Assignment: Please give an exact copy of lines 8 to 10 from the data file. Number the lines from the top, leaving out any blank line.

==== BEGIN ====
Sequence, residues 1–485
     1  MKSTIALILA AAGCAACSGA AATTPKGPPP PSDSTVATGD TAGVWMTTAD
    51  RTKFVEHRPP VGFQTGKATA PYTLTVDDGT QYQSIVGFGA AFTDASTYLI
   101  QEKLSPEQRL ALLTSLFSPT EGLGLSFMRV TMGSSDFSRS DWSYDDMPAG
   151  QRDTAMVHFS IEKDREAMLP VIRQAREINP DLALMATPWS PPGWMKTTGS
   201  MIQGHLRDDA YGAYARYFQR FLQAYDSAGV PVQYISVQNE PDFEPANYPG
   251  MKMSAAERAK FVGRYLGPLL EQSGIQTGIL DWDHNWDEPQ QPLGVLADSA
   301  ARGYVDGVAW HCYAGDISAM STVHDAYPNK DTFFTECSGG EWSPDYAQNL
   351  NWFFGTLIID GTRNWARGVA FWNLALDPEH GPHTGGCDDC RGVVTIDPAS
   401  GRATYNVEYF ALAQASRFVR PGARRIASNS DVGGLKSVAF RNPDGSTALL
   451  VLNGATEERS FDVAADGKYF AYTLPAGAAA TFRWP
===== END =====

   301  ARGYVDGVAW HCYAGDISAM STVHDAYPNK DTFFTECSGG EWSPDYAQNL
   351  NWFFGTLIID GTRNWARGVA FWNLALDPEH GPHTGGCDDC RGVVTIDPAS
   401  GRATYNVEYF ALAQASRFVR PGARRIASNS DVGGLKSVAF RNPDGSTALL